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Social Emotional Support: Where? How?

Note: This segment is Part 2 of a Series on Social Emotional Support by a Behavior Analyst

Where?

Social Emotional Support can be provided in the home and in the community, wherever it fits in to a child’s and family’s life. Often we identify, with the family, that there are a few especially challenging environments or places. We educate and collaborate. By using modeling and supportive feedback directly in those places, a team can support a family planning to re-enter environments and situations they have been avoiding due to difficulties coping with challenging behavior, social, or communication needs. Sometimes we educate in the grocery store, we practice going to story time at the library, or we meet a family in a gym. We go where the difficulties are, so that the teaching is effective and the family learns to implement the strategies when therapists are NOT there. We also teach in the family’s home, at times of day that the family needs support. Some families benefit from a weekly afternoon play session, while others benefit from sessions that target particular routines or tasks. Sometimes we provide support during a meal, or during a specific self help routine.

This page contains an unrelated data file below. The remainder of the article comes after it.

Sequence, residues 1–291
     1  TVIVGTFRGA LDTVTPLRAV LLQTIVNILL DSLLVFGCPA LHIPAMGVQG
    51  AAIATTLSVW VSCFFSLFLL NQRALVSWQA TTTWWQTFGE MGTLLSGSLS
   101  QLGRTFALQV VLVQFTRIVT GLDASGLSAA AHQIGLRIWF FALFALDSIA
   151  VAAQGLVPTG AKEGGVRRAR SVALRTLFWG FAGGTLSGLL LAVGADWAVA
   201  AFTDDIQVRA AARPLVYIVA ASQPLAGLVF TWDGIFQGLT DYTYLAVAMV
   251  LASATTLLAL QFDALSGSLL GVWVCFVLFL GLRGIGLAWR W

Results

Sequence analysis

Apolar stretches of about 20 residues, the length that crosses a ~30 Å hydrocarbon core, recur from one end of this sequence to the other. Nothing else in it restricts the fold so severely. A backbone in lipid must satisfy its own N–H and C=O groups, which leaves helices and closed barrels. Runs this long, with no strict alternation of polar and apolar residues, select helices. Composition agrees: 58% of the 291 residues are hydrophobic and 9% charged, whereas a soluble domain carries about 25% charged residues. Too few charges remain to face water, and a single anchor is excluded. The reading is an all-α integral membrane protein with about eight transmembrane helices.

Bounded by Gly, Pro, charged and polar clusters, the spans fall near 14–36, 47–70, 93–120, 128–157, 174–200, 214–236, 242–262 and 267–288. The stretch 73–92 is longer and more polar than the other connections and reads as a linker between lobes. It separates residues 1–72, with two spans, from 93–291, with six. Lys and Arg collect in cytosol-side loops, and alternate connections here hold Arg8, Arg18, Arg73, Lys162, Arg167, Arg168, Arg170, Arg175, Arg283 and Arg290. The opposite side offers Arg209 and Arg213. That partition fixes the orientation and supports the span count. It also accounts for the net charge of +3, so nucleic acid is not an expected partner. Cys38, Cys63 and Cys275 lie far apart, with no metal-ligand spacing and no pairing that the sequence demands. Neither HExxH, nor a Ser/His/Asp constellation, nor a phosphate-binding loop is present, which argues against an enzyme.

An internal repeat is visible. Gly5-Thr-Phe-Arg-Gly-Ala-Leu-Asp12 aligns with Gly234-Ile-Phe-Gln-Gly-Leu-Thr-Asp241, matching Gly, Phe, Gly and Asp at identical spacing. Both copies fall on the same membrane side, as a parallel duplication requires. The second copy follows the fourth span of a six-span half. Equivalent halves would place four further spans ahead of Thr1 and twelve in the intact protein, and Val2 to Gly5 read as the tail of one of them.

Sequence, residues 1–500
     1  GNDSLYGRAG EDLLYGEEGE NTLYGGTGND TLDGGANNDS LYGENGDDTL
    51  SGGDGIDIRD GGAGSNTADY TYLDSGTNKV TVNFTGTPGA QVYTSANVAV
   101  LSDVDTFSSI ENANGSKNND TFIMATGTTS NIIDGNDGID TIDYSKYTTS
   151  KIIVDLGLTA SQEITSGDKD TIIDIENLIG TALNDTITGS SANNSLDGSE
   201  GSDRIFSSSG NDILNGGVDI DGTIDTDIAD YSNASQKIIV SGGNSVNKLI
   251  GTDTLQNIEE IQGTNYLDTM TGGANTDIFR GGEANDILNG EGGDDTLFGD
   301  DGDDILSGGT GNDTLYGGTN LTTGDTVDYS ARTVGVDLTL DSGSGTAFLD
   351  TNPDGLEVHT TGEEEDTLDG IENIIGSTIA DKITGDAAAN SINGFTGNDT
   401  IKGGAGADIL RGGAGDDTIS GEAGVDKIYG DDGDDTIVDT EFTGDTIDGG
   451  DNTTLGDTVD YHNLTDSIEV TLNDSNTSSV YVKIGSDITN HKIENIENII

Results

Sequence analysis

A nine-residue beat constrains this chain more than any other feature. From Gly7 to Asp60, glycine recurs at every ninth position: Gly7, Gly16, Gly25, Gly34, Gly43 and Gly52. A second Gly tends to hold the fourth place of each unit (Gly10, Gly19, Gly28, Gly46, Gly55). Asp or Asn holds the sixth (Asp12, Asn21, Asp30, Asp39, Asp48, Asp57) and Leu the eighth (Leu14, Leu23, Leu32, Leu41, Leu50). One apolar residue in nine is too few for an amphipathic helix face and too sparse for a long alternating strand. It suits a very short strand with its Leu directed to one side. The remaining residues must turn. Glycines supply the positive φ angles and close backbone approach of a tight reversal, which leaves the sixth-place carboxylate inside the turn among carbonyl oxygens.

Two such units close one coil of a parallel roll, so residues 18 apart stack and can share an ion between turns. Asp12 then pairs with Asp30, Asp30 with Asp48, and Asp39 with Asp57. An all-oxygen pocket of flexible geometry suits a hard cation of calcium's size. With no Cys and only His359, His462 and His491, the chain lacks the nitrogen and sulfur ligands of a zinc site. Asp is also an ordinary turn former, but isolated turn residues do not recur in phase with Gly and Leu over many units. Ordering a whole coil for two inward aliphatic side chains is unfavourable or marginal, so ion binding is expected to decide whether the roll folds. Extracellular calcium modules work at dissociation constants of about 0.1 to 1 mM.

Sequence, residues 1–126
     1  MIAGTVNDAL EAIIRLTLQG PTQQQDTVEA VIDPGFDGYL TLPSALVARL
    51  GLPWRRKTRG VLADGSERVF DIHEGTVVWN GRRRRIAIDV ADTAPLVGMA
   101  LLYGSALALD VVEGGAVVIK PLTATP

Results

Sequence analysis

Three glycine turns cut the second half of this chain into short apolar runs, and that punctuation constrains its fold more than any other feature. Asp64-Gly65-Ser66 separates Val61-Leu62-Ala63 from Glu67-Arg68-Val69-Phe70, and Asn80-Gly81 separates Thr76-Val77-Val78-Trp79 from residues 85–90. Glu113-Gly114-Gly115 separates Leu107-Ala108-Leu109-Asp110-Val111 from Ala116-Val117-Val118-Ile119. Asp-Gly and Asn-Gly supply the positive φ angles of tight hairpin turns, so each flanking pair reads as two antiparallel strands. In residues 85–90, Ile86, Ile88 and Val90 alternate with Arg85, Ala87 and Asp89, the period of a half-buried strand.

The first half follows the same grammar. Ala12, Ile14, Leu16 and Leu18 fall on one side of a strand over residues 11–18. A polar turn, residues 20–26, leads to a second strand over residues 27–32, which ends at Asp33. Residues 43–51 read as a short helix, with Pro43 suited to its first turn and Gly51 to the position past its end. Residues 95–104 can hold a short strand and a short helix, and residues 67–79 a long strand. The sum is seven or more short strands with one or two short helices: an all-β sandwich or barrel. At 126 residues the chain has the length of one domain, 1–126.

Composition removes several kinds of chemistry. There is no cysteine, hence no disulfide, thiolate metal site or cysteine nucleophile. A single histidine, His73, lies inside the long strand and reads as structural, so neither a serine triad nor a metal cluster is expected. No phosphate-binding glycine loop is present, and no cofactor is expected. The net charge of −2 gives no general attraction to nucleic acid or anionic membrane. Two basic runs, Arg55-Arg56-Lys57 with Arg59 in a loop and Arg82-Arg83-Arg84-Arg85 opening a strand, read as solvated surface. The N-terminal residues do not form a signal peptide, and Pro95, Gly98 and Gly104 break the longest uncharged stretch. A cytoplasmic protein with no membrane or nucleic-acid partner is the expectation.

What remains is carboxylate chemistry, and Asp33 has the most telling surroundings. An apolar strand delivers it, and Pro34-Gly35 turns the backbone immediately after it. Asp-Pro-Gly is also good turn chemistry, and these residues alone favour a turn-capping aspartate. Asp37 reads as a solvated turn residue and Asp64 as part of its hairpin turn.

Why do it in the community?

Generalization can mean a child learns to do things s/he first practiced at home, in other places, with other caregivers, and in other situations. Generalization will not always happen by itself. Planning for generalization is important, and is almost always a big part of what the behavior analyst does.

Some places we have provided Social Emotional Support:

  • family’s home
  • church daycare
  • community daycare
  • community gyms
  • community children’s museums
  • a local library
  • local parks
  • schools
  • doctor’s offices
  • dentist office waiting room

How is Social Emotional Support funded?

In Colorado, families whose children qualify for Early Intervention services could receive Social Emotional support at no cost until their child is 3 years old, by Board Certified Behavior Analysts or other specialists authorized to be providers. In situations when the child does not qualify by the state definition but still has needs in this areas, some families choose to private pay and contract with an agency or provider who can meet their needs, or to enroll in parent education or training that can help. Grants may be options for some children on waiting lists for specific autism waivers through Medicaid, or for children with significant needs. Grants can fund co-pays for children whose insurance reimburses ABA coverage. Some providers offer sliding scales for families without insurance, and some agencies offer payment plans.

Note: Cusp Emergence offers Dr. Kolu’s Preventative Environments Training to the community, and provides social emotional education programs to preschools, churches, and other community businesses. We also offer a sliding scale to families in need, and can train family members or friends to act as therapists. University students, caring family members, and babysitters can all be trained to be excellent therapists who supplement a child’s program.